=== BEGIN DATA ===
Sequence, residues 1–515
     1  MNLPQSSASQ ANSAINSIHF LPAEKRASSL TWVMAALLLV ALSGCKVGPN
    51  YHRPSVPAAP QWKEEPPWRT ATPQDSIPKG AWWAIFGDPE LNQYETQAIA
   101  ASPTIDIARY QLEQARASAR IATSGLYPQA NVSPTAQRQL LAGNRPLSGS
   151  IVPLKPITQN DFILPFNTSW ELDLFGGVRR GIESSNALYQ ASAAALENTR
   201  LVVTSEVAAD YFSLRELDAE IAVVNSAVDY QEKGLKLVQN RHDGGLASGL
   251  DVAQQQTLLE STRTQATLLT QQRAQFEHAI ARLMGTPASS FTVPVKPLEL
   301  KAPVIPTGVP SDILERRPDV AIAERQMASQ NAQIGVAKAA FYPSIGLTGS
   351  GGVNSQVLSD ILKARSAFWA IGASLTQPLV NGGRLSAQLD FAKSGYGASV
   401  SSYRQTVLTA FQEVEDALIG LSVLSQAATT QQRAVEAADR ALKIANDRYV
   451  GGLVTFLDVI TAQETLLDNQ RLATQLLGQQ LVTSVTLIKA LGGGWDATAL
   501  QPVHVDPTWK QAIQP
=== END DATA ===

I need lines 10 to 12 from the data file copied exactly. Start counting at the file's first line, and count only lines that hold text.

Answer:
   401  SSYRQTVLTA FQEVEDALIG LSVLSQAATT QQRAVEAADR ALKIANDRYV
   451  GGLVTFLDVI TAQETLLDNQ RLATQLLGQQ LVTSVTLIKA LGGGWDATAL
   501  QPVHVDPTWK QAIQP